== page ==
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Who can foster?

Young boy with hat

​​​There's no typical profile of a foster carer. We want to recruit a diverse range of foster carers regardless of sexuality, ethnicity, religion or marital status.

We've worked with a wide range of people - providing homes for children with heterosexual couples, same sex couples, families who already have children and single foster carers.

We particularly need foster carers who will consider fostering children of high school age, brothers and sisters so they can remain together, children with complex emotional and behavioural needs and foster carers who can offer a placement to a young parent and child.

There are few restrictions but basically you must:

  • Have a spare bedroom in your home
  • Be over 21 

What skills and qualities does a foster carer need?

We're committed to finding the right match for all our children and families. Like any parent, as a foster carer you'll provide a safe loving and secure home for a child. You'll need patience, tolerance, energy and a high level of resilience and commitment. A sense of fun and an ability to handle difficult situations will also help.

You'll need to have good communications skills to work in partnership with other professionals, and advocate for the child where necessary. Find out more in our what skills do I need to foster video.


What skills do I need to foster video on YouTube (5mins 8secs)

Don't rule yourself out, count yourself in

When we talk to people who are thinking about fostering, we often find they rule themselves out as foster carers before they've even spoken to us.

The reality is, there's no typical foster carer. We'll try and cover the main queries people have below; but if your particular situation isn't covered, don't be shy. Pick up the phone, we'd love to speak to you.

Myth: you can be too young or too old to foster.

Reality check: by law you have to be aged 21 or over to be able to foster. There is no upper age limit, you just need to be fit and well enough to keep up with the children you're caring for.

We have foster carers in their 60s and 70s, so don't be put off by a number.

Myth: you must be in a heterosexual relationship to foster.

Reality check: we're an inclusive fostering service and encourage foster carers to come forward whether they are single, male or female,  in a relationship, divorced, widowed, Lesbian, Gay, Bisexual and Transgender (LGBT+), co-habiting, married or any other possible combination you can think of.

There are no barriers based on gender, sexuality or relationship status. Children are diverse and we need a diverse foster carer community to meet their needs.

Myth: you must own your own home to foster.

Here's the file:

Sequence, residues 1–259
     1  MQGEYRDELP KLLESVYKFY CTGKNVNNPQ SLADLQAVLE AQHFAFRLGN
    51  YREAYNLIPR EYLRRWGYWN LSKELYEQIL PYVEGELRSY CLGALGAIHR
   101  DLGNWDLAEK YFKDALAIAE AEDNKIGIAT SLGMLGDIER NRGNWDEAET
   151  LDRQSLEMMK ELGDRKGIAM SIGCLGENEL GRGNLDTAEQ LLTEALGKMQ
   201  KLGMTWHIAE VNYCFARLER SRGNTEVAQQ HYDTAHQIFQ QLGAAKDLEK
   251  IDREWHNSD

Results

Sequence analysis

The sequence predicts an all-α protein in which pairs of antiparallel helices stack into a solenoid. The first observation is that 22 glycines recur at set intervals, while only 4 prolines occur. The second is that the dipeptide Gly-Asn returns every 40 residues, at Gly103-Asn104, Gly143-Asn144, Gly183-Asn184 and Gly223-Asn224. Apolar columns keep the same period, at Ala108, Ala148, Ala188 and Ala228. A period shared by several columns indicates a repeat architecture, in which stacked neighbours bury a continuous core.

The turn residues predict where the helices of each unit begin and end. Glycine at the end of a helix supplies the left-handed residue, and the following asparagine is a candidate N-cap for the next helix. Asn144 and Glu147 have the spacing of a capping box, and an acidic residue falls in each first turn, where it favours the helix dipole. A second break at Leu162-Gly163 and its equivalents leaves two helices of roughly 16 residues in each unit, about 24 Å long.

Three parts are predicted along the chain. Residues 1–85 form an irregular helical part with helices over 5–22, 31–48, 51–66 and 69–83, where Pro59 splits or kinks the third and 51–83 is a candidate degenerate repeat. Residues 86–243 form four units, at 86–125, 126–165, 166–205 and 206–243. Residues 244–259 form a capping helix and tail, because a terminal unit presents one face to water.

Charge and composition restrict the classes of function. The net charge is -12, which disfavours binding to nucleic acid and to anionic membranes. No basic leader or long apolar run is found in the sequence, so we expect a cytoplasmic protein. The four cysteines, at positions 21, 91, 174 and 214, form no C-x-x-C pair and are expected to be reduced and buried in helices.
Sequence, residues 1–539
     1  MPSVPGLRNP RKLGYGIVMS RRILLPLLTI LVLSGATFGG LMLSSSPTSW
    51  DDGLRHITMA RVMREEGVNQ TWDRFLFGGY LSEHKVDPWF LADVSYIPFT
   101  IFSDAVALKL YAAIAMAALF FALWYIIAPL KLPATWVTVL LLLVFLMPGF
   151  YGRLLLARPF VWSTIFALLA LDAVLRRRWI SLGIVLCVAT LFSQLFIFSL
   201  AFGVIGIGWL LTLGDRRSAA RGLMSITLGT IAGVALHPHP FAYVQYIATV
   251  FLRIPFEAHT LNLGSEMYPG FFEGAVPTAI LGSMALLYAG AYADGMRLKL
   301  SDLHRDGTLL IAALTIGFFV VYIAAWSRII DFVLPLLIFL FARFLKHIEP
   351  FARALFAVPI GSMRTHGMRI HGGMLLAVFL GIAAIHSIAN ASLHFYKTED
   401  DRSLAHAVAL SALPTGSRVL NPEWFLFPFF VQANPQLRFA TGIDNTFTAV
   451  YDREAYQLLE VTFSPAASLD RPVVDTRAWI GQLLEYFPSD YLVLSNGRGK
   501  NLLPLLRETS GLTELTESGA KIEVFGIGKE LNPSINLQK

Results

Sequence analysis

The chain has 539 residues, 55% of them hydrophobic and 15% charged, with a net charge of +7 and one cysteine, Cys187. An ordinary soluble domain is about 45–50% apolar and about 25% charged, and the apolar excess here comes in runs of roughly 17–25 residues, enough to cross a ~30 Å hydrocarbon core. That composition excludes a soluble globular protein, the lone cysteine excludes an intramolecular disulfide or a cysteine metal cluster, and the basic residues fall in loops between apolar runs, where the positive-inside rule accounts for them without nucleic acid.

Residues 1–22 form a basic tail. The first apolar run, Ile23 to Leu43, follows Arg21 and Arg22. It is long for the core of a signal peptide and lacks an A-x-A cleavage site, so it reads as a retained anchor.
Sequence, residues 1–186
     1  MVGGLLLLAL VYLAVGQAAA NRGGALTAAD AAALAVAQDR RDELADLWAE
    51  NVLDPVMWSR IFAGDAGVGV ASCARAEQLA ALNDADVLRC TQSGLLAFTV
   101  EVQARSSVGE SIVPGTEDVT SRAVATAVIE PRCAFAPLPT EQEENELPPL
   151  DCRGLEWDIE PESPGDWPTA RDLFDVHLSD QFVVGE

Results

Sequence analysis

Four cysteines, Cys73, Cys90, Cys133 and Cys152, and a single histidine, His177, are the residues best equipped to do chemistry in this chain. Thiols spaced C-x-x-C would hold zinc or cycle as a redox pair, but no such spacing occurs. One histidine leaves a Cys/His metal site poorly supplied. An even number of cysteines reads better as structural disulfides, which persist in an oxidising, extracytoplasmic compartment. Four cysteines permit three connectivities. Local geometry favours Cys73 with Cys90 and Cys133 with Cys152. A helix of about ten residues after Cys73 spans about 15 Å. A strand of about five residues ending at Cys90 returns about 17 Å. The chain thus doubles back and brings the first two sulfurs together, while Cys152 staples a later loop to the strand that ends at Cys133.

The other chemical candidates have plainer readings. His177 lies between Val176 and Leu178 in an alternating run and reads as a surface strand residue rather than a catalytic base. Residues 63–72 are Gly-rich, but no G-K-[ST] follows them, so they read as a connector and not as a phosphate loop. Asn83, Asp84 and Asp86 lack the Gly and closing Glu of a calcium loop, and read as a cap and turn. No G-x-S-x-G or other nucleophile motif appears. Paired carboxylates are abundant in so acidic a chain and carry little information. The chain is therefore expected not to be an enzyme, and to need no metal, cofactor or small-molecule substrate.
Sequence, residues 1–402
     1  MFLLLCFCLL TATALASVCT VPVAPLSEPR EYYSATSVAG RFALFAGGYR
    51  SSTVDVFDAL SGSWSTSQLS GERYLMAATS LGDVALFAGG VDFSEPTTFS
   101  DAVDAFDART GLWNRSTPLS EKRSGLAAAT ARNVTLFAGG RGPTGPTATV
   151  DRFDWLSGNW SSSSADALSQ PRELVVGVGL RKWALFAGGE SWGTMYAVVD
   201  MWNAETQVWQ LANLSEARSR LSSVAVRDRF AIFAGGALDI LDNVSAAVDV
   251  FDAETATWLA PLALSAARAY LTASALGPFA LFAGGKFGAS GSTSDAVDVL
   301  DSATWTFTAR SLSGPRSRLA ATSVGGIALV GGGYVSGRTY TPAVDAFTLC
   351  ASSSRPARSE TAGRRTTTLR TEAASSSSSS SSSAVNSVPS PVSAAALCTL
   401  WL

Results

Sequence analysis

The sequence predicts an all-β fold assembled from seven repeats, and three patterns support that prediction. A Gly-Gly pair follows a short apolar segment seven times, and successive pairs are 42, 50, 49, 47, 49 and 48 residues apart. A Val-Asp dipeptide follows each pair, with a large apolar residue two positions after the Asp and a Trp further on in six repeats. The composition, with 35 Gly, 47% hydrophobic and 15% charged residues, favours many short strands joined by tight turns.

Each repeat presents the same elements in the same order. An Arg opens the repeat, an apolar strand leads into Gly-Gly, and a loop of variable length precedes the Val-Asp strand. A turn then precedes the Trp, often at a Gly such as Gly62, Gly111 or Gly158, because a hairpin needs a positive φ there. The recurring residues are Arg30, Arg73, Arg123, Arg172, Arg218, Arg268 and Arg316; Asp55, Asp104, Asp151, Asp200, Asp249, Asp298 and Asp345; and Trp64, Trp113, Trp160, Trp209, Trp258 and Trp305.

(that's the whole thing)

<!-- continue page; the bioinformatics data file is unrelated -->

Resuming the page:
Reality check: there is no requirement to own your own home. You need a stable and child friendly place to live, and whether this is rented or owned makes no difference. A spare bedroom is needed to accommodate a child living with you and we would usually discourage you from asking your birth children to share a room, if they don't already, as this can cause resentment towards a child who is then placed in what was their room.

Myth: you must have parented before to foster.

Reality check: when anyone becomes a parent for the first time, whether this is through having birth children or through fostering or adoption, they have to learn and adjust to their new role.

Even people who have parented previously find that each of their own children is an individual and may need a different approach.

So having previously parented is not a requirement to becoming a foster carer, many people have experience with children either though work, friends or extended family relationships and these are all valuable experiences.

What matters is your ability to be child centred and to embrace you new role, accepting support and guidance while you adjust to becoming a foster carer.

Myth: I have a criminal conviction so couldn't foster.

Reality check: there are very few convictions which would mean you were unable to foster. We would discuss with you the circumstances of your conviction, what happened and how long ago it took place and work out with you if it would be a barrier to fostering. Often people have been involved in some criminal activity with friends as a young adult and have moved on with their lives since then.

The reality is some of our young people get involved in anti-social behaviour or even with the police as young adults, whether they are in foster care or not. Having a foster carer with some insight into the challenges of being a teenager and that young people don't always make the right choices, can actually be a benefit and enable you to support them when they are facing challenges.

Myth: I have health problems so couldn't foster.

Reality check: part of the fostering assessment is a medical check, this is done with your own doctor and we pay any costs incurred for this.

The majority of health conditions wouldn't be a barrier to fostering. We would discuss with you how your health issue affects your daily life and work out with you what type of fostering or age of child would be the best fit for your situation.

Myth: I smoke so couldn't foster.

Reality check: smoking cigarettes is a barrier to fostering children under the age of 5 years old, this is due to the effects on children of second and third hand smoke. So if someone in your household smokes, you would be limited to caring for children aged 5+.

The use of e-cigarette is not a barrier. We'd discuss with you keeping vape liquids safely out of reach and also the impact of role modelling on children.

Make a fostering enquiry today


0300 303 1000

Phone: Monday-Friday 9am-5pm.

Find the Fostering Team on a map

Fostering Team
Fashion Corner
57-59 Drake Street
Rochdale OL16 1PA

Make a fostering enquiry